Engineering Education in India: Challenges and solutions
Unlike a few years ago, Engineering seems to have stopped being the top career choice for the Indian youth. The number of admissions in engineering colleges is dropping like flies in the wake of unemployed engineering graduates.
For the past few years, the number of students taking admission in engineering colleges has declined sharply. In 2017–18, the number of students enrolled in engineering dropped to 750, 000 from 944,000 in 2013–14. The employability of engineering graduates has been a major concern among colleges and is possibly the major reason for the drop in enrollments in engineering colleges. This year, of the total engineering graduates in the country, 58% could not get campus placement.
Challenges in engineering education in India
Poor campus placement among engineering colleges is driving the youth away from considering engineering as a career option. A general consensus among engineering aspirant is private engineering colleges are not good enough, and some even drop their aspirations to pursue engineering if they don’t get into a government engineering college and rather pursue other more cost-effective professional courses which meet their career expectations better.
Government initiatives like making internship mandatory for engineering students have helped to make engineering education more industry oriented. This has ultimately increased industry exposure among undergraduates. However, it only helps to a certain extent to make Indian engineering education more skill development-oriented and very little to make graduates job-ready.
Traditional skill development programs (like aptitude training and personality development classes) in engineering colleges prepare each student for generic job roles in the industry. Thus, only inviting companies that are interested in hiring graduates with fundamental skills like aptitude and communication skills, and keeping graduates away from potential job opportunities which require more niche skills. And, keeps colleges bereft from inviting companies which are looking for graduates with new-age skills like data science, machine learning, AI, etc.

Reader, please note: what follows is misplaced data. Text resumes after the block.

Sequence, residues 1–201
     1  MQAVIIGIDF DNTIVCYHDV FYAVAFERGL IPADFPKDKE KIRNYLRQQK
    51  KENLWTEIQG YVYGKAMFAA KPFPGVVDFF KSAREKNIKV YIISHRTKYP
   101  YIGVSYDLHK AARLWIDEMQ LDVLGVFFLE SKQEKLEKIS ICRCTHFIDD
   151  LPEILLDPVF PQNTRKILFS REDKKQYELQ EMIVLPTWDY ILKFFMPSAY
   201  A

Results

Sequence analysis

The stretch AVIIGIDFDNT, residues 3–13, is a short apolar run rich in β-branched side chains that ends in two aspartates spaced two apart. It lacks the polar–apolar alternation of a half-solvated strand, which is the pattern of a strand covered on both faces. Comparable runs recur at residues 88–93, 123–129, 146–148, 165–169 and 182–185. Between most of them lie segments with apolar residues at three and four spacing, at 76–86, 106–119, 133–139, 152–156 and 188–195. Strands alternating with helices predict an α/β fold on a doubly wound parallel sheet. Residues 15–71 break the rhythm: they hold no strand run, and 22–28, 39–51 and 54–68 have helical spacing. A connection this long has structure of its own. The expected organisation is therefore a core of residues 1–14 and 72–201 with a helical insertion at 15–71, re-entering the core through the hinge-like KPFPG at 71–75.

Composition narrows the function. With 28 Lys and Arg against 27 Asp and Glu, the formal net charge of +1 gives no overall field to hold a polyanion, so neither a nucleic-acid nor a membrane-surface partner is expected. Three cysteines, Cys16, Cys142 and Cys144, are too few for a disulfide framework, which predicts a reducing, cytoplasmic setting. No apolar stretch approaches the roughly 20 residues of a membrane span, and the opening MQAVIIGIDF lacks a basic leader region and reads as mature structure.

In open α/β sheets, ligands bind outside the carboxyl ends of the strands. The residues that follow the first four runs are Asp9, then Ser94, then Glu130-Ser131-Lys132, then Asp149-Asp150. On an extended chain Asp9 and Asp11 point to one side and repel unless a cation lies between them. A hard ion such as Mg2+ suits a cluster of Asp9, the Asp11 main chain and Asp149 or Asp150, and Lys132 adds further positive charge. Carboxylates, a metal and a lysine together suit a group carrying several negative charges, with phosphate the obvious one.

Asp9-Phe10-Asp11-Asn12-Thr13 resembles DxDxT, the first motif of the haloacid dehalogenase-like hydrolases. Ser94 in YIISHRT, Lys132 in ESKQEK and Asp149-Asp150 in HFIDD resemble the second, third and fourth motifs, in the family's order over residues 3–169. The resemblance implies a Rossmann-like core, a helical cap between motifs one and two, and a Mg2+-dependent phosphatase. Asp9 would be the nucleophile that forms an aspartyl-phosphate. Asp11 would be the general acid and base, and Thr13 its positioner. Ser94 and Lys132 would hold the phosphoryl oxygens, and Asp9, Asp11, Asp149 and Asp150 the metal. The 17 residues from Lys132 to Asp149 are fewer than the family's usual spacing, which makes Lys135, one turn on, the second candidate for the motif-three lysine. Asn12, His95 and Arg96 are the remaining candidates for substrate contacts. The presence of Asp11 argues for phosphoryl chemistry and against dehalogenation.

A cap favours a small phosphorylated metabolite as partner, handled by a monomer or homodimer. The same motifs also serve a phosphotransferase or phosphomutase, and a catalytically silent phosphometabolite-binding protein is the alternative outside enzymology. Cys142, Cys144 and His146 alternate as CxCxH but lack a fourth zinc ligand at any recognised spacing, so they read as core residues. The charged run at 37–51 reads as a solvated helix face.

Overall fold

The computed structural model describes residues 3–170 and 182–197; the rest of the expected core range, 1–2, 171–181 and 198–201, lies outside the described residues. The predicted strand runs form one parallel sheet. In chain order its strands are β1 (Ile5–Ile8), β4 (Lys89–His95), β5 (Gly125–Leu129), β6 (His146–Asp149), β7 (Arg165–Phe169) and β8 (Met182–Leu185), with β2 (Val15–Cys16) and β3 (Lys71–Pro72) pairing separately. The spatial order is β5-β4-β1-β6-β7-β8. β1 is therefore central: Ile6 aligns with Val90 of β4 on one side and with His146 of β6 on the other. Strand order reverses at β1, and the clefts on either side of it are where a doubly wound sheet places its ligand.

Moreover, traditional skill development programs consider each student equal in learning capacity which is a wrong assumption to make. Each student has a different learning trajectory, so working with a one-size-fits-all skill development program is likely to benefit just a few students.
Overcoming these challenges and improving overall placement percentage
Given the poor placement of engineering colleges, and in some cases, dipping campus placements, colleges need to take active measures that potentially increase the employability of their students and in turn spike their placement. Following are some of the measures that can be implemented to improve campus placements.
- Building niche skill development programs — Skill development programs need to be more specific in terms of the skills they impart to students. Learning niche skills can drastically improve the employability of students. Considering that the learning trajectory of each student is different building individual skilling programs is a problem. Online learning platforms are a good means to solve this. Availability of a multitude of niche technological skills on one platform and the ease to learn at your own pace from anywhere can save a lot of college’s resources.
- Understanding the skill demand of the industry — Shortage of skilled workforce in the industry and poor placement among engineering colleges is a clear sign that the students do not have the skills companies are looking for in them. Hence, colleges need to take proactive measures in understanding the skill demand of the industry and build skill development programs accordingly.
- Proactive participation of TPOs in the Industry — Training and placement officers need to be actively involved in the industry, to understand how the industry is progressing to develop training programs accordingly. At the same time, relying on and wishing the same companies to recruit year after year isn’t a good idea. TPOs need to learn novel approaches to reach out to more companies.
Overall, to increase the placement percentage of colleges, simply running skill development programs isn’t enough. There’s a need to build a campus employability ecosystem which includes skill development programs for students, training programs for TPOs, and active involvement of higher management of colleges with the industry. More than building this ecosystem, continuously improving this ecosystem is more imperative to spike placement percentage of a college.